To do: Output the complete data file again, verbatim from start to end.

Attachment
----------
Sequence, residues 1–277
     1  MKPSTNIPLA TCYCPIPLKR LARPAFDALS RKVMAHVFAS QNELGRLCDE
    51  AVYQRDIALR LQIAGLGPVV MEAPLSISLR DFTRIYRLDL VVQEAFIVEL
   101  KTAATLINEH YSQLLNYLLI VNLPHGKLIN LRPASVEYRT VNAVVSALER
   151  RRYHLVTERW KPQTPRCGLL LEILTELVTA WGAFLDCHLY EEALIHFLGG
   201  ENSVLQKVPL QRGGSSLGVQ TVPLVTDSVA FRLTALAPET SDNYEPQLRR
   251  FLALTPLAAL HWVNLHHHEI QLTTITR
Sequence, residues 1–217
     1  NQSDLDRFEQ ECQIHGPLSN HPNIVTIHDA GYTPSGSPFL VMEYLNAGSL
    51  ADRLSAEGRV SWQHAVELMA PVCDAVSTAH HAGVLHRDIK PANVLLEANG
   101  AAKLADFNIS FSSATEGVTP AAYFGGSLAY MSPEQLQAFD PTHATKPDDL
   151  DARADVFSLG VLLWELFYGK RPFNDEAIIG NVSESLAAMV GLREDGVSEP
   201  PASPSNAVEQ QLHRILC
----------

Sequence, residues 1–277
     1  MKPSTNIPLA TCYCPIPLKR LARPAFDALS RKVMAHVFAS QNELGRLCDE
    51  AVYQRDIALR LQIAGLGPVV MEAPLSISLR DFTRIYRLDL VVQEAFIVEL
   101  KTAATLINEH YSQLLNYLLI VNLPHGKLIN LRPASVEYRT VNAVVSALER
   151  RRYHLVTERW KPQTPRCGLL LEILTELVTA WGAFLDCHLY EEALIHFLGG
   201  ENSVLQKVPL QRGGSSLGVQ TVPLVTDSVA FRLTALAPET SDNYEPQLRR
   251  FLALTPLAAL HWVNLHHHEI QLTTITR
Sequence, residues 1–217
     1  NQSDLDRFEQ ECQIHGPLSN HPNIVTIHDA GYTPSGSPFL VMEYLNAGSL
    51  ADRLSAEGRV SWQHAVELMA PVCDAVSTAH HAGVLHRDIK PANVLLEANG
   101  AAKLADFNIS FSSATEGVTP AAYFGGSLAY MSPEQLQAFD PTHATKPDDL
   151  DARADVFSLG VLLWELFYGK RPFNDEAIIG NVSESLAAMV GLREDGVSEP
   201  PASPSNAVEQ QLHRILC